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PSD Computing

PSD Computing

(OP)
Hi everybody,
I need to evaluate the PSD from a "time history" signal.
Now I'm able to make the FFT of the signal (the FFT is "normalised", i.e. the spectum of an harmonic signal freq f amplitued A return a single value at freq f and of aplitude A).
Can anybody explain how to go further in order to obtain a PSD?
Thank you very much in advance
Luca

RE: PSD Computing

Multiply the complex value at each spectral line by its conjugate and divide each spectral line by the difference in frequency between two adjacent lines.

M

RE: PSD Computing

The calculation of PSD has many specialities. Simple FFT transformation solves the problem (theoretically), but in practics there are more problems.
E.g.: time signal has finite length, while FFT decompose signal into a number of SIN/COS functions which are infinite, and to make it the time signal is supposed to repeate infinitely which leads to abrupts in begin/end of the signal. Such an abrupt causes additional sinusoidal waves to be added. To resolve this problem time signal is to be multiplied by 'window' and after transformation it is to be scaled to balance the common power.
Another problem: computing PSD has a property that increas of time signal *doesn't increase the precision of PSD*. To overcome it the time signal is diveded into several segments for which PSD is calculated separately and then averaged by segments. This method is known as 'Welch method'.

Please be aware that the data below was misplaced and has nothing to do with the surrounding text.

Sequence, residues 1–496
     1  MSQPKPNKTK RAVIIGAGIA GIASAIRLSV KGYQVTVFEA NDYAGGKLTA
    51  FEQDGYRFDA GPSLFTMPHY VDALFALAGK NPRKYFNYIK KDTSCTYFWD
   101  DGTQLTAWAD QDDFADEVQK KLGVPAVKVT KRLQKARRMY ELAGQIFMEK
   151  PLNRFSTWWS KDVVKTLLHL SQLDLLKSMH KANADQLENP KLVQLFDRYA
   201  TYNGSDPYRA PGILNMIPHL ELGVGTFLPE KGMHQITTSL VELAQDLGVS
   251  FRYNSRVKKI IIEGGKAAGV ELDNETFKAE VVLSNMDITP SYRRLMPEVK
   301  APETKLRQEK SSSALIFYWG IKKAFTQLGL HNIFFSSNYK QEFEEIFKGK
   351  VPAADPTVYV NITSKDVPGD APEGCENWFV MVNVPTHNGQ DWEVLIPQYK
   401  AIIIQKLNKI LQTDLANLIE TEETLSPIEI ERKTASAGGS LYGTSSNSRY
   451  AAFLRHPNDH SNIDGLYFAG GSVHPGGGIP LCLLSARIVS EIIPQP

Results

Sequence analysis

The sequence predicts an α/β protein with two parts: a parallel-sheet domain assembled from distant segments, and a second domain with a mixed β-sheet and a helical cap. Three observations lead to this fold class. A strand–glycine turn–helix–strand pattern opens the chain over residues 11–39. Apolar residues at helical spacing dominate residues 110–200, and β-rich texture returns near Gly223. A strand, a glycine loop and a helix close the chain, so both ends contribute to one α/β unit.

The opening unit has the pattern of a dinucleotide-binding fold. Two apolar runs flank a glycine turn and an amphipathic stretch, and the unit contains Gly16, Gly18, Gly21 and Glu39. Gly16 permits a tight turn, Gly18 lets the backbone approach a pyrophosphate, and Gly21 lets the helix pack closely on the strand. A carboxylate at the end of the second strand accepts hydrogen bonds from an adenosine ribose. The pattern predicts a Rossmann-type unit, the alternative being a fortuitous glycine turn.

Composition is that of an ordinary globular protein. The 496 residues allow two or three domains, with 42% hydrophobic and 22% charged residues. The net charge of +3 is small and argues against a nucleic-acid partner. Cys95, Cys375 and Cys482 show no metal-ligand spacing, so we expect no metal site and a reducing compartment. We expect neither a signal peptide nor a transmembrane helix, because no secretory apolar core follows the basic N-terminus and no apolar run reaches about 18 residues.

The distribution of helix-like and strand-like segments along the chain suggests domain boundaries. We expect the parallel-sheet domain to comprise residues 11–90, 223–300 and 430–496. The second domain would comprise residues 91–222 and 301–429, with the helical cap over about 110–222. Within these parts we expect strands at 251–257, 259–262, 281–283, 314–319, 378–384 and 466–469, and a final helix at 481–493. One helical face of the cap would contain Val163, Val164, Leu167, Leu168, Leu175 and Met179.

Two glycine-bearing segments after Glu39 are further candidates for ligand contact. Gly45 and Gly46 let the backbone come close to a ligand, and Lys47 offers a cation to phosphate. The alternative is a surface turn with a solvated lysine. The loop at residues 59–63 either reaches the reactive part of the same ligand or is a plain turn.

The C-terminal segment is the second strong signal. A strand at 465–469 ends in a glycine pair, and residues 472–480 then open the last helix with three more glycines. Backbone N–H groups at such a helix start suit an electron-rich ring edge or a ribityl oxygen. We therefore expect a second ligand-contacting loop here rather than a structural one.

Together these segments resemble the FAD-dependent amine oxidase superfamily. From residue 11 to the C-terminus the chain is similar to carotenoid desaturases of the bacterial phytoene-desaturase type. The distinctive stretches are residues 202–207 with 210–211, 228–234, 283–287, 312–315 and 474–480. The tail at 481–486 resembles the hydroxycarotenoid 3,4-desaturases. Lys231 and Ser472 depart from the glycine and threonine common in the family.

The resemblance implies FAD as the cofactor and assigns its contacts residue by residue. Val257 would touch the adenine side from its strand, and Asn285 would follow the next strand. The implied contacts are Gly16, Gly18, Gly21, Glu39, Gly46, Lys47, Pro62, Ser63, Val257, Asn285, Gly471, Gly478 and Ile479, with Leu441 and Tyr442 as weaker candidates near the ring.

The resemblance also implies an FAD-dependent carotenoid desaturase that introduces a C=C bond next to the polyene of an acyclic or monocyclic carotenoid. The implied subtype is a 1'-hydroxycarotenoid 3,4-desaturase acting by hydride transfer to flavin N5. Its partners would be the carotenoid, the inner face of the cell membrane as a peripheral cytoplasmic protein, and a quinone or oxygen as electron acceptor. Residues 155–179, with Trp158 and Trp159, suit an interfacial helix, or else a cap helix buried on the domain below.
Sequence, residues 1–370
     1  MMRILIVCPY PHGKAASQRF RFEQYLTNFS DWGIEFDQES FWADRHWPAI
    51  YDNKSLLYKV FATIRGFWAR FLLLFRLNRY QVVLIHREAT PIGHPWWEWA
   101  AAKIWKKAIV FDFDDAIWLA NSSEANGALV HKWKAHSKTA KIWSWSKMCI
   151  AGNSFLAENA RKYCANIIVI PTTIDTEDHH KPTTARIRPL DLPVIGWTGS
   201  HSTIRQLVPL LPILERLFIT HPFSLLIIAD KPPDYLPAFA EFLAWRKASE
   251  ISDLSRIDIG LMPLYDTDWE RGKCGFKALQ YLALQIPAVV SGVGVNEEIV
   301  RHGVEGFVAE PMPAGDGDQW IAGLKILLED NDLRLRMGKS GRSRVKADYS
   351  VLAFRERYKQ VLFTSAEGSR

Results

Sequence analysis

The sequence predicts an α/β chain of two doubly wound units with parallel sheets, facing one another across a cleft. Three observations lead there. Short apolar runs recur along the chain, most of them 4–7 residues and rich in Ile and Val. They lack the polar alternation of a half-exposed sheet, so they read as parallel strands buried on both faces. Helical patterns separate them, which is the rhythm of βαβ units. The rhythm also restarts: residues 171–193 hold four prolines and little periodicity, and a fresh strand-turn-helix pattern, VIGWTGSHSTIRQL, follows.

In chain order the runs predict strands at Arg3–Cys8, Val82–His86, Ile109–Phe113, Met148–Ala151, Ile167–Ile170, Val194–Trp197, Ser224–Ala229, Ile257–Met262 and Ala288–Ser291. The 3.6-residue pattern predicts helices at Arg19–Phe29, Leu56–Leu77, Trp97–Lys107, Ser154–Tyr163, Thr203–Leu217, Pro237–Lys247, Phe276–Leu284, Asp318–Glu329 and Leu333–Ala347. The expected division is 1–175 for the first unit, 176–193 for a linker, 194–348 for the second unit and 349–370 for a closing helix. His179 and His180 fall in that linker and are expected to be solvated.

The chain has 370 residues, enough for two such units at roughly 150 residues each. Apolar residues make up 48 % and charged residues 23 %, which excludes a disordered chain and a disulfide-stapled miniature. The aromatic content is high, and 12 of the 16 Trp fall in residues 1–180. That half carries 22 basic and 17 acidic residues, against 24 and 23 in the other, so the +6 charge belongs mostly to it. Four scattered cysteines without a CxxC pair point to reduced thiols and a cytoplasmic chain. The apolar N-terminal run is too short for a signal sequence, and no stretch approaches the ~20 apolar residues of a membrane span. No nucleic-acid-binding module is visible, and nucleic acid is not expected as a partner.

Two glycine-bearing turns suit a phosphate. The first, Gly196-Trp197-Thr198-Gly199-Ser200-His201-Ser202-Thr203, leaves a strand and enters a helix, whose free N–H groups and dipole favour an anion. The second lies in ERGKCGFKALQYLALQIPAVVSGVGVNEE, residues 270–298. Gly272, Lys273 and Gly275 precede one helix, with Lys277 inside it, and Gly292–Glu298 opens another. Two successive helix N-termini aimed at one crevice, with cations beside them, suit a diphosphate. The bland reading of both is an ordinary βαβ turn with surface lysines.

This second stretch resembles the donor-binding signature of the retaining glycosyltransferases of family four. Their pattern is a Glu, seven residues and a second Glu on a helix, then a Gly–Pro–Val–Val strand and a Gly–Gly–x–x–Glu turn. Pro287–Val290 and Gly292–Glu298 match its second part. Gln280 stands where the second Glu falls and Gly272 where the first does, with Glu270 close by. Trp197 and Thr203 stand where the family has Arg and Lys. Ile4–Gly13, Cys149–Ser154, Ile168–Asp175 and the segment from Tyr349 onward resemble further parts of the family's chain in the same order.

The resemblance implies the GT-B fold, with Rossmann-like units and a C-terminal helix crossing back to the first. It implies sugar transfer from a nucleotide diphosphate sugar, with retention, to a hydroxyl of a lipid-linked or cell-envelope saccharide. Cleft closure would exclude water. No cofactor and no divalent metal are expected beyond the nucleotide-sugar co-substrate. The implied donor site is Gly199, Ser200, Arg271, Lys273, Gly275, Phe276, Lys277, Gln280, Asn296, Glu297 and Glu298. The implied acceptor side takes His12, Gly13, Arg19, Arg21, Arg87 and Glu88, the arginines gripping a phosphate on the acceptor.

All these and many other problems are described and resolved in MATLAB program. There is a special matlab's toolbox called 'Signal Processing Toolbox' which involves preprogrammed functions of PSD calculations. I used to take MATLAB and this toolbox in free evaluation; look their website (www.mathworks.com), maybe this possibility still available. There is also free documentation to this toolbox describing PSD computation, including those I have written above: http://www.mathworks.com/access/helpdesk/help/toolbox/signal/signal.shtml

RE: PSD Computing

Just an aside:

The matlab functions psd and csd are the only places I have ever seen this method described as "Welch's method". Almost everyone else calls it "the Fourier transform estimation method". I have sometimes described it to people as Welch's method and they just stare at me blankly!

M

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